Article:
Following revelations by the National Petroleum Authority (NPA) that huge amounts of premix fuel meant for fisher-folk loaded from the Tema Oil Refinery (TOR) had been diverted for the past eight months, it has emerged that the Ghana National Canoe Fishermen Council petitioned the Ministry of Fisheries and Aquaculture over the said diversion as far back as April 2017.
Citi News has sighted a petition from the Council that was addressed to the Minister for Fisheries and Acquaculture Development specifically on April 27, 2017.
The petition had indicated that, the practice of diversion, which is usually prevalent in areas such as Ashaiman among others, leads to the fuel publicly sold in buckets, instead of being discharged through pumps.
“There is massive diversion of the product to areas like Ashaiman and are being sold publicly using ‘buckets”’instead of discharging it and using pumps as well as to several filling stations outside the landing beaches for sale to unsuspecting vehicle owners thus causing damage to their engines.”
Violent takeover by NPP functionaries
The Council further alleged in the petition that, there has been a “violent and sudden invasion of fish landing beaches countrywide by groups rampaging and raving as self proclaimed NPP functionaries who claimed to have been given the power to take over the running of affairs at the beaches.”
“The lawfully constituted landing beach committees were supplanted by new ones arbitrarily formed by Mr. Nii Lante Bannerman, Chairman of the National Premix Committee.These illegal committees are now in charge of the sale and management of premix fuel at the various landing beaches countrywide,” the petition said.
Premix diversion: I don’t have tracking system; NPA must arrest – Minister
The Minister for Fisheries and Aquaculture, Elizabeth Afoley Quaye, has said the National Petroleum Authority (NPA), is in a better position to act on the widespread diversion of premix fuel.
According to her, the ministry does not have a tracking system to identify culprits hence the NPA, which has a system to track such happenings “must take action.”
“They have the trackers, the NPA by law is supposed to be monitoring the supply and distribution of the pre-mix fuel, and it is the NPA that has that authority to be prosecuting offenders. So I told the NPA that the moment you find somebody perpetuating this crime, you arrest this person on the spot. The NPA has the tracker. As I sit here, I don’t have any tracker, I don’t have a tracking system to tell who is diverting pre-mix fuel or not,” the minister said on Eyewitness News on Tuesday.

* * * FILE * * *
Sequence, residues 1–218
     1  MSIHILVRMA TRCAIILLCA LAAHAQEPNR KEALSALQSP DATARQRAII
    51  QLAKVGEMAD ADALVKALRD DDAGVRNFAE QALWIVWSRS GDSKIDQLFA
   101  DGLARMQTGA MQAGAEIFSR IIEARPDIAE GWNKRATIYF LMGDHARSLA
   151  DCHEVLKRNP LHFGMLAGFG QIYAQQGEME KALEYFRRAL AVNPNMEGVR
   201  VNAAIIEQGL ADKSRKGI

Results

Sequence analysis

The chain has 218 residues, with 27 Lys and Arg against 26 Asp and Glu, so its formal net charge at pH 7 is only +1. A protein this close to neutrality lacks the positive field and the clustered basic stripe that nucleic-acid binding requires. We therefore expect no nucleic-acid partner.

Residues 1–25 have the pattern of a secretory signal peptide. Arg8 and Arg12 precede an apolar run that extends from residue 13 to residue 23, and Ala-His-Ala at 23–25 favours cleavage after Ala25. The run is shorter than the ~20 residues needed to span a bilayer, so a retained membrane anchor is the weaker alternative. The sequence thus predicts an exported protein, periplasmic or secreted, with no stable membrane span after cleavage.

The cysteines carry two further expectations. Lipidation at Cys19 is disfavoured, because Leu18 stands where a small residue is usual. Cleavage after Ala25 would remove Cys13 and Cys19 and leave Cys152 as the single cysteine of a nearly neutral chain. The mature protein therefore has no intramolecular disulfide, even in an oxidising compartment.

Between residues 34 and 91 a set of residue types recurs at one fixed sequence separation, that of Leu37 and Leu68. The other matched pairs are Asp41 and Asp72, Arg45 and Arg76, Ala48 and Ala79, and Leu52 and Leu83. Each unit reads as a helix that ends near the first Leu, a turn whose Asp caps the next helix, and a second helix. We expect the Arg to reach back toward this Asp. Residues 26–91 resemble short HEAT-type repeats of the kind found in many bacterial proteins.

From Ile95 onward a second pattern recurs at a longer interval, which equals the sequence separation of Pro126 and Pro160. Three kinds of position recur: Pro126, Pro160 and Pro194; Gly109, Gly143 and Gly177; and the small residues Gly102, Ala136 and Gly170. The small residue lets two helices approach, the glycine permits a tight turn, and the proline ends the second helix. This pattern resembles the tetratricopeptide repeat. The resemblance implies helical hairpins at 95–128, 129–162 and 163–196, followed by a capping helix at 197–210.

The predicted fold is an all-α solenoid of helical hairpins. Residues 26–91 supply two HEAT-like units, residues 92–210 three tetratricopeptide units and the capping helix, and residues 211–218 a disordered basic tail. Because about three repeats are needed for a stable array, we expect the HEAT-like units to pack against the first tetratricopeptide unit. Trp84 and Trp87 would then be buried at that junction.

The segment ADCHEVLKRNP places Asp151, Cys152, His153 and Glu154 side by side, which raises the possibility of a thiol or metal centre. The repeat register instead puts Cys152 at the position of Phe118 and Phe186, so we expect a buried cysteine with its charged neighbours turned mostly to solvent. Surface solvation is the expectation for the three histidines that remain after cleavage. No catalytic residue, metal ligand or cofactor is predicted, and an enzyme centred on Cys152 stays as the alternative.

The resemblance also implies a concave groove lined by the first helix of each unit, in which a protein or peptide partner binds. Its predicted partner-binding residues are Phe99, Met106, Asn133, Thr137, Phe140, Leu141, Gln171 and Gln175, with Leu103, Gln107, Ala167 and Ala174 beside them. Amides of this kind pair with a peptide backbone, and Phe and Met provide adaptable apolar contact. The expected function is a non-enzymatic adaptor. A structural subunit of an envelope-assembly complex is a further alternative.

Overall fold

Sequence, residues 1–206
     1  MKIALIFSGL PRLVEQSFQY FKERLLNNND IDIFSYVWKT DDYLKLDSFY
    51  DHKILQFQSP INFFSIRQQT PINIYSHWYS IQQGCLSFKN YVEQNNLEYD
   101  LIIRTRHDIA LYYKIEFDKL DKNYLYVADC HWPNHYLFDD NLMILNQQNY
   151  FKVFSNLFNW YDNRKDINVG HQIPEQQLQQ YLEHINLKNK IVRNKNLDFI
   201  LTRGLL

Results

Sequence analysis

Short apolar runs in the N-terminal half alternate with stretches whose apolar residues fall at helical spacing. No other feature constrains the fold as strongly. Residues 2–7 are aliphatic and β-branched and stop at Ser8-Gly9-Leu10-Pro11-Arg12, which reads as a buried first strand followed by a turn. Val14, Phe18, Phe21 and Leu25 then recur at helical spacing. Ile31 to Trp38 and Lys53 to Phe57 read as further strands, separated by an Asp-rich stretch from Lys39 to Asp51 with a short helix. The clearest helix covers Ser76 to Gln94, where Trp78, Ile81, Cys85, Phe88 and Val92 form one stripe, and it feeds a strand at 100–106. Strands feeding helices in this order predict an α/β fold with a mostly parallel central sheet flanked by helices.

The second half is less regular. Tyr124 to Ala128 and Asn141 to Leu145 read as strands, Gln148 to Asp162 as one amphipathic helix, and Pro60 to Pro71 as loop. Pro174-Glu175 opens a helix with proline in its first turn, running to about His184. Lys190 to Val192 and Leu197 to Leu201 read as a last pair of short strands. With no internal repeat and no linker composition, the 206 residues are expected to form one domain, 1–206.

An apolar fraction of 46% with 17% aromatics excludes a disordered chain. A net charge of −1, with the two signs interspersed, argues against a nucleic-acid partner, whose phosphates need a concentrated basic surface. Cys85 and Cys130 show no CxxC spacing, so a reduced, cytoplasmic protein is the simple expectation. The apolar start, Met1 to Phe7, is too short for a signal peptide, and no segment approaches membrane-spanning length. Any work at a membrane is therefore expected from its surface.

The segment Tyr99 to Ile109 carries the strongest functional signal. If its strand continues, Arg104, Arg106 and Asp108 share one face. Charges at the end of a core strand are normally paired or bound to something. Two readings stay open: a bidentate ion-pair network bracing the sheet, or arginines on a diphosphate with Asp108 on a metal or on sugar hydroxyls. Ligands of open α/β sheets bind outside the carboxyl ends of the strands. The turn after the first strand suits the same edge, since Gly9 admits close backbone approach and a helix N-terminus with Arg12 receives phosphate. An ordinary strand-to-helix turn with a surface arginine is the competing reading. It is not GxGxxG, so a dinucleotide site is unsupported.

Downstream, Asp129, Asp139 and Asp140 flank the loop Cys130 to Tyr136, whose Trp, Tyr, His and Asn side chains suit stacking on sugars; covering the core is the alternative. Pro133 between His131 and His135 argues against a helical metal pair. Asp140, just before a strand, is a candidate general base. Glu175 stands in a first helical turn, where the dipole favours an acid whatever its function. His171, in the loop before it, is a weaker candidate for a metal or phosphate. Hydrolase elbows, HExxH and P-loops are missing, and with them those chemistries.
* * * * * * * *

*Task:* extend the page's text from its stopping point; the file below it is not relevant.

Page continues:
Shortage of fuel worries fishermen
Fisher-folk in the Western Region had told Citi News that the supply of the product has not been regular since the beginning of January 2017.
They say the Nana Addo government started supplying the product on a good note in January, but the situation took a nosedive when various scheduled date were violated.
The Western Region since January 2017 has had 189,000 gallons of premix fuel diverted 14 times, mainly to Tema. These diversions were done on a small scale in the first half of the year, but took a dramatic turn in July up until October.
‘Over 200 cases’
The National Petroleum Authority’s BRV Tracking System, recorded over 200 instances of diverted premix fuel between January and October 2017, but the regulator has failed to sanction the perpetrators.
It has instead been writing letters repeatedly to the National Premix Committee, which says it has no power to prosecute or entirely check the distribution of the product.
Fishing industry collapsing
This is happening at a time when fishing communities in need of the fuel hardly get access to it due to its shortage and high cost in their respective areas.
The lack of the product in these communities affects the activities of fisherfolks, eventually leading to fewer catches, allowing excess importation of fish and fish products from other countries.